Levinas and the euthanasia debate

Nuyen, A. T. (2000) Levinas and the euthanasia debate. Journal of Religious Ethics, 28 1: 119-135. doi:10.1111/0384-9694.00038


Author Nuyen, A. T.
Title Levinas and the euthanasia debate
Journal name Journal of Religious Ethics
ISSN 0384-9694
1467-9795
0145-2797
Publication date 2000-03-01
Sub-type Article (original research)
DOI 10.1111/0384-9694.00038
Volume 28
Issue 1
Start page 119
End page 135
Total pages 17
Place of publication Malden, MA, U.S.A.
Publisher Blackwell
Language eng
Subject C1
440104 Applied Ethics (incl. Bioethics and Environmental Ethics)
780199 Other
Formatted abstract
The philosophers' tendency to characterize euthanasia interms of either the right or the responsibility to die is, in some ways, problematic. Stepping outside of the analytic framework, the author draws out the implications of the ethics of Emmanuel Levinas for the euthanasia debate, tracing the way Levinas's position differs not only from the philosophical consensus but also from the theological one. The article shows that, according to Levinas, there is no ethical case for suicide or assisted suicide. Death cannot be assumed or chosen—not only because suicide is a logically and metaphysically contradictory concept but also because in the choice of death ethical responsibility turns into irresponsibility. However, since Levinas holds that one must be responsible to the point of expiation, he can be said to approve certain actions that may have the consequence of hastening death.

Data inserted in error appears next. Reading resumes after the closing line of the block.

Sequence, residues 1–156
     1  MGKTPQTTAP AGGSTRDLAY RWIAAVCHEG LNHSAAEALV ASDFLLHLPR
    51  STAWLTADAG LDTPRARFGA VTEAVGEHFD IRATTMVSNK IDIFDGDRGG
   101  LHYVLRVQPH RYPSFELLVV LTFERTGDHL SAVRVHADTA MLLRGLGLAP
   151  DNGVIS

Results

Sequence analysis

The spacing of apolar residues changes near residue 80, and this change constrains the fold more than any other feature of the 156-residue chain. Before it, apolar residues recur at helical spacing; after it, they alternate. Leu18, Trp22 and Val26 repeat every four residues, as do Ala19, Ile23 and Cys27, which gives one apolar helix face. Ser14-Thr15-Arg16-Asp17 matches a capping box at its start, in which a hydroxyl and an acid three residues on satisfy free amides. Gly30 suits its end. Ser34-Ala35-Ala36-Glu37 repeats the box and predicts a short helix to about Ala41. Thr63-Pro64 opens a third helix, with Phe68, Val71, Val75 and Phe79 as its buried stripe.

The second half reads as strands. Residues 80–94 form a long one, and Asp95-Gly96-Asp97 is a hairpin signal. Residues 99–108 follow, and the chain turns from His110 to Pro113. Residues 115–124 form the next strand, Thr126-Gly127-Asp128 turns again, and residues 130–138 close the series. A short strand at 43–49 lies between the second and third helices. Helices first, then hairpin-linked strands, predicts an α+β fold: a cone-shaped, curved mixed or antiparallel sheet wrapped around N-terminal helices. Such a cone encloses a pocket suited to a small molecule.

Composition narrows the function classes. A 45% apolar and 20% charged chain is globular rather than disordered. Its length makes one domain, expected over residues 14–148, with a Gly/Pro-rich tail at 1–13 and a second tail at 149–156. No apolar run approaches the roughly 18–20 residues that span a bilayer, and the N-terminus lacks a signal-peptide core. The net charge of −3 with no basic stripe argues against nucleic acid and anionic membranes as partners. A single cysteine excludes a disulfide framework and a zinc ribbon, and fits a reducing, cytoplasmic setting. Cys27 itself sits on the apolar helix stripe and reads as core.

© 2000 Journal of Religious Ethics, Inc.
Keyword Death
Dying
Ethics
Euthanasia
Levinas
Responsibility
Suicide
Q-Index Code C1

Document type: Journal Article
Sub-type: Article (original research)
Collection: School of Historical and Philosophical Inquiry
 
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Created: Tue, 10 Jun 2008, 22:23:30 EST